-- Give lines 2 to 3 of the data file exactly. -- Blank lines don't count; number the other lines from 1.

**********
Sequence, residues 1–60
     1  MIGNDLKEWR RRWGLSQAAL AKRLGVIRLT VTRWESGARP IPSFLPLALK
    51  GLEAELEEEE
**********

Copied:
     1  MIGNDLKEWR RRWGLSQAAL AKRLGVIRLT VTRWESGARP IPSFLPLALK
    51  GLEAELEEEE